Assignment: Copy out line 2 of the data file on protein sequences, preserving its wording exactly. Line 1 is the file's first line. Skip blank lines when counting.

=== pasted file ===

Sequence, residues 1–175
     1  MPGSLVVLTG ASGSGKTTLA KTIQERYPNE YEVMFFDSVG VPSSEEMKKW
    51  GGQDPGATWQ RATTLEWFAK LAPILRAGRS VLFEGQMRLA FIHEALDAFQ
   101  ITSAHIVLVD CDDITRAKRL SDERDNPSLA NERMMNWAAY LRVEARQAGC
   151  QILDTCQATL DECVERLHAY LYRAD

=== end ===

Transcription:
     1  MPGSLVVLTG ASGSGKTTLA KTIQERYPNE YEVMFFDSVG VPSSEEMKKW